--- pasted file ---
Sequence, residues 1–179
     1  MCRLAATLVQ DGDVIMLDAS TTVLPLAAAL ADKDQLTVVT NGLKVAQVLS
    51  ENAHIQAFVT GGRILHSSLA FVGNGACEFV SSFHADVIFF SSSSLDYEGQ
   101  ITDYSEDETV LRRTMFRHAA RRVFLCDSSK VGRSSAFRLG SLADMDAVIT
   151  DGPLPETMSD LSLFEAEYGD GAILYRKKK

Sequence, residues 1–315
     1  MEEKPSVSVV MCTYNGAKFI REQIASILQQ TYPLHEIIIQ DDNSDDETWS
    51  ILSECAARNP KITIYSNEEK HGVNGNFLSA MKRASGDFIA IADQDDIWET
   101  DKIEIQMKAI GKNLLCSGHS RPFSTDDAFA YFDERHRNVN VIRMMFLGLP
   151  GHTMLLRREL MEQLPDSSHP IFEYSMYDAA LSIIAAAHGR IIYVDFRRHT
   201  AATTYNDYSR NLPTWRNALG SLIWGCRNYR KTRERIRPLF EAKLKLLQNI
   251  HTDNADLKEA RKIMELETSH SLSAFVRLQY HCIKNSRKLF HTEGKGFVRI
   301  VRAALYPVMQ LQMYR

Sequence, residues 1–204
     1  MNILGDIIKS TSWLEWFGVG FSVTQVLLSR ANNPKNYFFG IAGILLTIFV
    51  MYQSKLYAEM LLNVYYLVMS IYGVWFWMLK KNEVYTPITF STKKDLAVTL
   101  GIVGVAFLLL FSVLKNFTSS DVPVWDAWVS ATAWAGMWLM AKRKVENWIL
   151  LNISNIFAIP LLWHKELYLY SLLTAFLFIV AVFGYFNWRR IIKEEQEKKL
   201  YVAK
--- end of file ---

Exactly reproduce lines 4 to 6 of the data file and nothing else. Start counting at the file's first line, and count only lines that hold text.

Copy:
   101  ITDYSEDETV LRRTMFRHAA RRVFLCDSSK VGRSSAFRLG SLADMDAVIT
   151  DGPLPETMSD LSLFEAEYGD GAILYRKKK

Sequence, residues 1–315